Tuesday, July 04, 2006

some sudanese history

the latest in darfur brings more news of the janjaweed moving into to chad, and the chad government reports that they have avoided attack in the city of ade.

i finally did a little research, as i truly feel that 99% of people have no idea what the darfur conflict is about. it is really part of a second civil war, the first war starting early on after being given free rule by britian and egypt 1956. most governmental power and resource was given to the northern sudenese, which was primarily arabic.

in 1958, a military coup overthrew the government and by 1962, two rebel groups from southern sudan (which was primarily african and christian), JEM (justice and equality movment)and SPLM (sudanese people's liberation movement) were strong in the civil war and demanding the right to self govern southern sudan.

in 1969, another coup placed a man named numeiri in control, and in 1972 the addis ababa accord was signed, leaving southern sudan with self-rule

then in 1978, oil was found in southern sudan (oh, AHA!)

then in 1983, numeiri instilled shari'a law over not just islamic northern sudan, but also on southern sudan and once again, civil war broke out led by the splm.

then, in 1985, there was another coup (i am so grateful that we dont have coup's here), and this time a semi-democratic government was put in power led by sadiq al-mahdi. al-mahdi removed shari'a law and was once again working with the rebels, trying to create another agreement in addis ababa.

unfortunately, al-mahdi was a weak leader and was never able to have good control. in 1989, Al-bashir (the current governmantal leader) was a major player in yet another coup. he created a highly religious dictatorship, and once again, jem and splm(which eventually becomes the presently talked about rebel faction SLA)became active and combined. unfortunatly due to intenal conflict, strife left three factions that spend a number of years fighting against themselves.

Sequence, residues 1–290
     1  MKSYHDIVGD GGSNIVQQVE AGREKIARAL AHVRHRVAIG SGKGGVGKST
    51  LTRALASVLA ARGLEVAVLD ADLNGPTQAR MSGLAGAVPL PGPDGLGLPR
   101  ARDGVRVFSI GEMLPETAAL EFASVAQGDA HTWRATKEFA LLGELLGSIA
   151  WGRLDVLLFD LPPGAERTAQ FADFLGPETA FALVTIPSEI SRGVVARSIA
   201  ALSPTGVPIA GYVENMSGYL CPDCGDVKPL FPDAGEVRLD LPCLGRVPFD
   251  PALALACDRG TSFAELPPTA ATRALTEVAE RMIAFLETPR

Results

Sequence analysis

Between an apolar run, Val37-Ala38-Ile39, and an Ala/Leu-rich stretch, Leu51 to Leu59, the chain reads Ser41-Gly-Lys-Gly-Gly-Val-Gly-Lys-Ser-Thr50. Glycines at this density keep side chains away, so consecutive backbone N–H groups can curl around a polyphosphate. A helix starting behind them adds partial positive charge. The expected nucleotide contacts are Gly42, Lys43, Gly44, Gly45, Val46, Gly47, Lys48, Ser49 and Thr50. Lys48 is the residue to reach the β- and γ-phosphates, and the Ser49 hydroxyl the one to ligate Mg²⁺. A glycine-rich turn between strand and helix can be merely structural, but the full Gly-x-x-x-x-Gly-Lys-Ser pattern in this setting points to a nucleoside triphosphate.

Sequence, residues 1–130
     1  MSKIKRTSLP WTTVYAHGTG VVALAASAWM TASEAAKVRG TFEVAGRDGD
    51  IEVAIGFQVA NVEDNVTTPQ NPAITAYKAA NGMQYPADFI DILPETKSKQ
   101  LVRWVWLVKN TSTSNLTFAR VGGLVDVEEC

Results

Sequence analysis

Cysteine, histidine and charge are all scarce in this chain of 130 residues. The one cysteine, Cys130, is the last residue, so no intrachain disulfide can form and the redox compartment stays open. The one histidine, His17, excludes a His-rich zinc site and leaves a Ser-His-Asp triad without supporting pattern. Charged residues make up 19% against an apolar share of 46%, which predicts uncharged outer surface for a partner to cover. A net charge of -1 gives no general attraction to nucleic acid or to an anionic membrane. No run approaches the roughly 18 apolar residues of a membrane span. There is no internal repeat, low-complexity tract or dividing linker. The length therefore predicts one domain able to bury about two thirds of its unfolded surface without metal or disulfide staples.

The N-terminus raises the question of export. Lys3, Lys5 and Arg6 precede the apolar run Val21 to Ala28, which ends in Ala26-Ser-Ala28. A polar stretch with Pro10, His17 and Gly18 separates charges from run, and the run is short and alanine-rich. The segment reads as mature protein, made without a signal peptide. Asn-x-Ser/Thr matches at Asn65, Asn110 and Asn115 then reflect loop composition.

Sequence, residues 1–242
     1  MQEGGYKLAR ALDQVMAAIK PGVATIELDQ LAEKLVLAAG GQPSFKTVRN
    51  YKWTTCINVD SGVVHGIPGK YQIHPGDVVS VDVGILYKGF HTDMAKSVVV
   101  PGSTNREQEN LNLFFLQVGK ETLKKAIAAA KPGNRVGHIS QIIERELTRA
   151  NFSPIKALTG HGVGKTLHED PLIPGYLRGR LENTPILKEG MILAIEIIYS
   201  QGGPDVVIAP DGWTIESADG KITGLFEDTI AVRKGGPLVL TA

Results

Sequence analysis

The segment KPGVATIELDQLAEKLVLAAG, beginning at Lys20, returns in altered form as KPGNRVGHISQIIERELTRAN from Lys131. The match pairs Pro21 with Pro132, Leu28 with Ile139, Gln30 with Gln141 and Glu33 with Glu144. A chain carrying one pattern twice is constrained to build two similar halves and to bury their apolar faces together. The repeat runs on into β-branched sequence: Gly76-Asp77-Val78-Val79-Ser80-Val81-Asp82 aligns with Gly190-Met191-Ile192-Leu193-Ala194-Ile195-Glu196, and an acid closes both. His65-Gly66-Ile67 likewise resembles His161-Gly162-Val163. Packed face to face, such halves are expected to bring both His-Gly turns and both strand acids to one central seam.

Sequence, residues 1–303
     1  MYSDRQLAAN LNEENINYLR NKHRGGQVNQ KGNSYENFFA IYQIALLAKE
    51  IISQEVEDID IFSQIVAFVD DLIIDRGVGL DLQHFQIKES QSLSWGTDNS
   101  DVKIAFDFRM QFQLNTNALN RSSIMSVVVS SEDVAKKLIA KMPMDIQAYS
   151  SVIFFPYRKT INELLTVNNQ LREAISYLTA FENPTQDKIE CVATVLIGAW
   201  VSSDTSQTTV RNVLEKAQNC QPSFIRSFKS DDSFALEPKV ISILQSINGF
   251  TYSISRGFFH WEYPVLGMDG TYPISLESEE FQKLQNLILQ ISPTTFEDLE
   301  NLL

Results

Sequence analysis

jump up to the '90s: sudan is now exporting oil (and keep in mind, the oil is found in the south, but the north controls the government and therefor the oil)

there was a famine in 2000
there was a peace agreement in 2002...almost- really, the peace agreement movement was being encouraged by uganda as they were suffereing due to the sudanese conflict

then in 2003, two local miltias from the darfur region begin to rebel against governmental neglect and suppression (guess that shari'a finally reached them)...

from this point out, you are probably familiar with the story- the use of the janjaweed because there was a lack of military presence in darfur, of the refugees, the movement towards chad (might it have something to do with their lake?)...i did leave alot out, and you will find, if you do your own research,many more interesting and political connections, but this is enough of a history lesson for today

as for the present: from: http://news.bbc.co.uk/2/hi/africa/5144154.stm

"The US accuses the government of backing Arab militias who have carried out a genocide against the region's black African residents.
The government denies backing the Janjaweed militias and blames the violence on the rebels, who took up arms, accusing the authorities of ignoring the region"

biblio: http://crawfurd.dk/africa/sudan_timeline.htm

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